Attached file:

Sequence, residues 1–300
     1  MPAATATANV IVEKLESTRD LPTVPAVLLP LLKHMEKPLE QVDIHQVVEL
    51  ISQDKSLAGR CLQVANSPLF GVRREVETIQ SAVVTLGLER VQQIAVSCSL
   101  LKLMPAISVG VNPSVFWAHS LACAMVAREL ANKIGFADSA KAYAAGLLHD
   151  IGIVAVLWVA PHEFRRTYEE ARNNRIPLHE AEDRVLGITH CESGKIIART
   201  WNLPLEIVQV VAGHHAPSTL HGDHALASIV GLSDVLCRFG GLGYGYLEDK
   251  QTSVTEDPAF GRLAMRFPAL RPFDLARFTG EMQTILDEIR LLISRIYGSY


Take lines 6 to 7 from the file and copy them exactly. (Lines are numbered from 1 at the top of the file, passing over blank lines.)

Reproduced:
   201  WNLPLEIVQV VAGHHAPSTL HGDHALASIV GLSDVLCRFG GLGYGYLEDK
   251  QTSVTEDPAF GRLAMRFPAL RPFDLARFTG EMQTILDEIR LLISRIYGSY